India became a hot item overnight, and she secured a recording deal with Ralph Mercado’s RMM Records, the era’s top New York salsa label. Her first task with the label was to perform at the RMM all-star event in June 1993, which was subsequently released as Combinacion Perfecta (1996). The performance included several of New York’s live salsa luminaries, including Celia Cruz and Oscar d’León, as well as RMM’s two emerging talents, Marc Anthony and India, who sang a duet, “Vivir Lo Nuestro.” The song was released as a single in 1994 and became a Top Ten success before being featured as a bonus track on India’s RMM debut album. Meanwhile, she helped Vega with one of his projects, Masters at Work, a house combo that also includes Kenny “Dope” Gonzalez. Vega and Gonzalez were just getting started as Masters at Work, mainly on the back of the aforementioned “Ride on the Rhythm.” Vega and Gonzalez created a few hits with India as their main singer, including “I Can’t Get No Sleep” and “When You Touch Me.” These tracks, as well as a few more Vega creations that followed, “Love & Happiness (Yemaya y Ochn)” and “Beautiful People,” were released as singles by Cutting Records and included on The Album, Masters at Work’s full-length debut. The former was included in different mixes on Strictly Rhythm Records’ The Tribal EP, billed under the name River Ocean, while the latter was a Barbara Tucker lead vocal performance orchestrated, co-written, and partially performed by India.
Following these legendary house recordings, India made her RMM debut with Sergio George’s salsa maestro Dicen Que Soy (1994). It was, in a nutshell, her mainstream breakthrough. Dicen Que Soy not only spawned five charting hit singles (“Nunca Voy a Olvidarte,” “Que Ganas de No Verte Mas,” “Ese Hombre,” “Dicen Que Soy,” and “O Ella o Yo” — two of which topped the Latin Tropical/Salsa Airplay chart, and all of which were Top Tens), but it also topped the Top Latin Albums chart and topped the Tropical/Sals Dicen Que Soy was a sensation, not just a hit song. India was to salsa what Olga Taón was to merengue in 1994-1995: her music was everywhere on tropical radio. Needless to say, RMM was delighted with Dicen Que Soy’s response, and Mercado took advantage of his label’s new star by pairing her with another Latin jazz great, this time Tito Puente, and raising the ante even further by including the Count Basie Orchestra on a couple tracks. Jazzin’ (1996), produced, directed, and mostly composed by Puente, including many jazz classics such as “Fever,” “Love for Sale,” and “Wave.” These songs have been performed to death over the years; nevertheless, the performances are given a heavy splash of salsa seasoning, which adds some excitement, especially because India is prominently featured throughout. RMM also licensed Llegó la India Via Eddie Palmieri for reissue in 1996, and then produced Mega Mix, which spliced together previously available highlights in an effort to create something fresh for ravenous fans. This was also the year when India and Vega divorced, since their musical careers were diverging and advancing at a faster pace.
The next year was another significant one for India, with the publication of RMM’s Sobre el Fuego (1997). Sobre el Fuego, produced by Isidro Infante and featuring collaborations with labelmates Celia Cruz and Johnny Rivera, followed in the footsteps of Dicen Que Soy’s huge success, entering the Top Five on the Top Latin Albums list and topping the Tropical/Salsa one. It spawned a slew of hit songs, the most successful of which were “Me Canse de Ser la Otra,” “Mi Mayor Venganza,” and “Costumbres,” which all charted in the Top Ten of Hot Latin Tracks. India loomed large over the house scene in 1997, with a few immediate classics created by Masters at Work. Her outstanding performance on the duo’s eponymous Nuyorican Soul album for Giant Step Records, “Runaway,” was the first. On MAW Records, the disco-house tune was released as a single, alongside “To Be in Love,” a greater success, and “India with Lavoe.” These many successes continued into 1998, with one song from Sobre el Fuego after another charting. And then there came another Nuyorican Soul song, “I Love the Nightlife (Disco ‘Round),” off the Last Days of Disco album, just as the Masters at Work singles appeared to have run their course.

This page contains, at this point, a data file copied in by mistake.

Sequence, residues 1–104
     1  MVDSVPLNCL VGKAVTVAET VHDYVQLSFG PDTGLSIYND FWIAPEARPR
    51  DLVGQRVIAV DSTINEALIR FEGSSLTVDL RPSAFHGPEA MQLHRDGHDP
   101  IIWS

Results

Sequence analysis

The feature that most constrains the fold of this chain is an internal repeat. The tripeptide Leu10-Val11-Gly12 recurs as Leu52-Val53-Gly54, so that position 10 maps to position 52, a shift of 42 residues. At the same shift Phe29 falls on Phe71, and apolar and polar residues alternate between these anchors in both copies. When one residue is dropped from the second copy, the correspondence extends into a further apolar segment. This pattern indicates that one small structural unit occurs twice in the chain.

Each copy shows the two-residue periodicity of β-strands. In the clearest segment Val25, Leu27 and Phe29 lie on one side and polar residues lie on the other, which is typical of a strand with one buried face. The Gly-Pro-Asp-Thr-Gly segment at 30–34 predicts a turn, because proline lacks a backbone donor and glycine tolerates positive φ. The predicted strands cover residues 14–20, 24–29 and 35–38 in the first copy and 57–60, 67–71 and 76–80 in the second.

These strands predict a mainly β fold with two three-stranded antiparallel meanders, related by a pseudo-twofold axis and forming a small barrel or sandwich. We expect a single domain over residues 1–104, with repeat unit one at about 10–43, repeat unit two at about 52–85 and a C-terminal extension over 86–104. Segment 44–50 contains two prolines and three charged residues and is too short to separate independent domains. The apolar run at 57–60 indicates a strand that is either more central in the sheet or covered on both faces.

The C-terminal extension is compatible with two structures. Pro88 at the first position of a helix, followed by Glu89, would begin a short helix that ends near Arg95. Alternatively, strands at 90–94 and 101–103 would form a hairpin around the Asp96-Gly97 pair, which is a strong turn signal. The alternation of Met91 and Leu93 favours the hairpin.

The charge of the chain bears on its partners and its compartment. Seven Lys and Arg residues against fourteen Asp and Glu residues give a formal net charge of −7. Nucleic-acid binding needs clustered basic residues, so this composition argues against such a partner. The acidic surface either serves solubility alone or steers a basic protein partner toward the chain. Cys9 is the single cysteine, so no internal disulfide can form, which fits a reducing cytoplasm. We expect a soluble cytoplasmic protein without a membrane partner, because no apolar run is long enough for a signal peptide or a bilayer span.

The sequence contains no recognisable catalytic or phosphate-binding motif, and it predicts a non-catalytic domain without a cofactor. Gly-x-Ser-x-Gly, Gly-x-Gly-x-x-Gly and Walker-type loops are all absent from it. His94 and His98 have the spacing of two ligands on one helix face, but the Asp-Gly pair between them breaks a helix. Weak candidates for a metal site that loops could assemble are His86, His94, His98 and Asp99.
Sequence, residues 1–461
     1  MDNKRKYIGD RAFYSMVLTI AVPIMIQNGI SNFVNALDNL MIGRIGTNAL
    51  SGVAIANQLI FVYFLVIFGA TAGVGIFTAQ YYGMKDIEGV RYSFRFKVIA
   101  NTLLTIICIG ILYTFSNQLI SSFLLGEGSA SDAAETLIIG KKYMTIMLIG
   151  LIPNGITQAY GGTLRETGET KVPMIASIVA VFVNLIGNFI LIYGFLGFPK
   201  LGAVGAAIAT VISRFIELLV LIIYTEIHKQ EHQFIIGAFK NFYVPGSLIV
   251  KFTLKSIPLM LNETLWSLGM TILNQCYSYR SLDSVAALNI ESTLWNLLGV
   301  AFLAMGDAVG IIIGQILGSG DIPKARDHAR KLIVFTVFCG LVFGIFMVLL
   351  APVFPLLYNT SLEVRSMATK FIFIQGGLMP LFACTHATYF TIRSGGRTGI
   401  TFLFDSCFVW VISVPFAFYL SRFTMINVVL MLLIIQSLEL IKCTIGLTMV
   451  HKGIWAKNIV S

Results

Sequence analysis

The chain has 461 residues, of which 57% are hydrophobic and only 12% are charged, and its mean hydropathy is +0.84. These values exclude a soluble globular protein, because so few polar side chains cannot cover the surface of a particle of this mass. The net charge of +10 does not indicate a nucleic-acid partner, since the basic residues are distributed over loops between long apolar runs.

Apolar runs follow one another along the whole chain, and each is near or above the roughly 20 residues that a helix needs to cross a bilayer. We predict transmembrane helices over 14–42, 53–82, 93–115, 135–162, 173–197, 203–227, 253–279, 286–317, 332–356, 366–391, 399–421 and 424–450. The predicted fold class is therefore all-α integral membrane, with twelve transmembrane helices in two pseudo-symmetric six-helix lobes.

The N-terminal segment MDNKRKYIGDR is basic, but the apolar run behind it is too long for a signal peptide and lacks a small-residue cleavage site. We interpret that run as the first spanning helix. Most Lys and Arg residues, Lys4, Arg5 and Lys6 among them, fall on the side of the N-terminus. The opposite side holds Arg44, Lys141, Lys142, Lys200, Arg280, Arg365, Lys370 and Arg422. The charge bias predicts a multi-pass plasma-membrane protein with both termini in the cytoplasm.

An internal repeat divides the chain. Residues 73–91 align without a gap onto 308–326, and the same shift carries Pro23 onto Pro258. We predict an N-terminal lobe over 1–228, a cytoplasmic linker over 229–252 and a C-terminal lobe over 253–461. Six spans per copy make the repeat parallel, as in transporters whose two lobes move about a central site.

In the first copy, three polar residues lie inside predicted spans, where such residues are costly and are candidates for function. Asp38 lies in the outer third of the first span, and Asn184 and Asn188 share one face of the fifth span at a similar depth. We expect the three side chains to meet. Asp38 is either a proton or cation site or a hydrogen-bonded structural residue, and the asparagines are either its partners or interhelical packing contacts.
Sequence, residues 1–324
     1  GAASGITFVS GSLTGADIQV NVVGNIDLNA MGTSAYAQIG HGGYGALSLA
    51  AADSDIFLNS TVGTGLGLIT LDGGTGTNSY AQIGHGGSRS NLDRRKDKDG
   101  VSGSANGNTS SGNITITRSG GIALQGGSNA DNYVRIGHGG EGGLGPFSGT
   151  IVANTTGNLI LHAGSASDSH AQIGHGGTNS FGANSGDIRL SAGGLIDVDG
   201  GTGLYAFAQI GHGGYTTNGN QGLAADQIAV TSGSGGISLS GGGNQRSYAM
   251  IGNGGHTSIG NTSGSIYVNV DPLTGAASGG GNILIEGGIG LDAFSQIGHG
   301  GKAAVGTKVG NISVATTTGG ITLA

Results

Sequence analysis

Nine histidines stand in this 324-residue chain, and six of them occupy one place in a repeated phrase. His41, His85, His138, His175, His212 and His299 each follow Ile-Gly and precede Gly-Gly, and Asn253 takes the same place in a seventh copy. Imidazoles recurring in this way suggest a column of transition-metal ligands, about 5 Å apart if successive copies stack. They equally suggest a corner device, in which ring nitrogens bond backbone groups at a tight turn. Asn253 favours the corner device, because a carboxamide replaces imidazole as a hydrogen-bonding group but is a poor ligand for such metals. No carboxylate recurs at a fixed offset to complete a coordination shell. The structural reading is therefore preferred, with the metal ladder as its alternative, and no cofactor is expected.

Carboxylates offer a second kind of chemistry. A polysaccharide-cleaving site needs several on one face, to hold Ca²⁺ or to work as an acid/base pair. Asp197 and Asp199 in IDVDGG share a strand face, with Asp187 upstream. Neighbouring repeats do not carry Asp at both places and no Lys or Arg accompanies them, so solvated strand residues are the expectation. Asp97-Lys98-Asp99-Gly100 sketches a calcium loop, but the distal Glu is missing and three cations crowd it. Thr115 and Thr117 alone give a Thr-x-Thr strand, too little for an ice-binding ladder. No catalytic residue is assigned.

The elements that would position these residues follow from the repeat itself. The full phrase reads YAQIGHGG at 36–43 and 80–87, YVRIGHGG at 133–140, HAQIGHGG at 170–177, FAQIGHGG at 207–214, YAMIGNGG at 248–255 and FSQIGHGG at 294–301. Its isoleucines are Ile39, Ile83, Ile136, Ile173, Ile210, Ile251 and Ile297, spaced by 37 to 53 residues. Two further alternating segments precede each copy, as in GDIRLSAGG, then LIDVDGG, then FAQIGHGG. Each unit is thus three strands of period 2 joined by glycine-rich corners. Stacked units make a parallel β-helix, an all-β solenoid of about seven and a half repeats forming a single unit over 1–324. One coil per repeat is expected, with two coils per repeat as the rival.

India’s career thereafter slowed as she gradually faded from the spotlight and released albums seldom. The follow-up to Sobre el Fuego, Sola (1999), was a low-key album inspired by La Lupe. It had just two singles, “Hielo” and “Sola,” and didn’t sell as well as Dicen Que Soy or Sobre el Fuego, despite being produced by Infante in a less showy way. Nonetheless, it was far from a dud, and some believe it to be among her finest. It was also India’s last album for RMM, which went bankrupt in 2001; towards the end of the year, RMM issued a greatest-hits collection, The Best…, in collaboration with Universal Music Latino, putting the most successful period of India’s career to a conclusion. Universal repackaged India’s RMM recordings repeatedly in the years that followed, releasing budget-line collections in various forms, hues, and sizes.
Despite this, India continued her music career, starting with Sony Discos. Latin Songbird: Mi Alma y Corazón (2002) was her lone album for the label, but it was a good, though inconsistent, effort that included a broader range of Latin genres, including bolero, bachata, merengue, pop, and ballad workouts, in addition to salsa. Latin Songbird, as well as the songs “Sedceme” and “Traición,” fared well on the tropical charts, reaching number one. Three years later, she released Soy Diferente (2006) on Univision, a similarly diverse album that recognized the growth of reggaeton at the time. Some fans, particularly longstanding admirers, objected to the “salsatón” inflections, yet Soy Diferente topped the Top Tropical Albums chart and spawned three Top Five Latin Tropical Airplay singles (“Soy Diferente,” “Solamente una Noche,” and “Lágrimas”). nica had many sad moments, including a rendition of Roy Orbison’s “Crying,” which was published in 2010. On the Latin Tropical Airplay chart, the song “Estupida” reached number one. Intensamente con Canciones de Juan Gabriel, a 2015 tribute album to one of the great Mexican ranchera singers, was her next full-length release.
India is a country in South Asia. It is the seventh-largest country by area and has the third-largest population. The world’s most populous democracy, it is also home to a wide variety of ethnicities, languages, and religions. Reference: india singer female.